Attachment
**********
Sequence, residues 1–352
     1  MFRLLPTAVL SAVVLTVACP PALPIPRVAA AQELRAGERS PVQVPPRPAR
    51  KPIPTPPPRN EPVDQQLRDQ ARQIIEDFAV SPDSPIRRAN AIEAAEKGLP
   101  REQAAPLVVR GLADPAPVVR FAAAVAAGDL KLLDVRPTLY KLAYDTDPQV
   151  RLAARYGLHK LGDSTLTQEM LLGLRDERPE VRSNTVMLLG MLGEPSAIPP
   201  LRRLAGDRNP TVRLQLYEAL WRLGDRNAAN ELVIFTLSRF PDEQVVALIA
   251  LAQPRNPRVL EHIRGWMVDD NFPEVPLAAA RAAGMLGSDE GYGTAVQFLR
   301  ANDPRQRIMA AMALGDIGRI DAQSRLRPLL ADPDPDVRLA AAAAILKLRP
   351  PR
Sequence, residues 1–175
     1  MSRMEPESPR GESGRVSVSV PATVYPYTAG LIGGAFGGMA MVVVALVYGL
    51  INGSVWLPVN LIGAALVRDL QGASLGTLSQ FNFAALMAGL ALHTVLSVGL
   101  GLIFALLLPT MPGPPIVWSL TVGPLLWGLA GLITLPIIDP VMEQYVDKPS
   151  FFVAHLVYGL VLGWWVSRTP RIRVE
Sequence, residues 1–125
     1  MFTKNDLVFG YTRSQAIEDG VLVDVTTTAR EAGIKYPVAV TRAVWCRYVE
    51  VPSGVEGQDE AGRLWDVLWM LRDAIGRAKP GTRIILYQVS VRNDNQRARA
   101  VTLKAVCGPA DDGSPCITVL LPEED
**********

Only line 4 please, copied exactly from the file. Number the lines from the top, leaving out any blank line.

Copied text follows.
   101  REQAAPLVVR GLADPAPVVR FAAAVAAGDL KLLDVRPTLY KLAYDTDPQV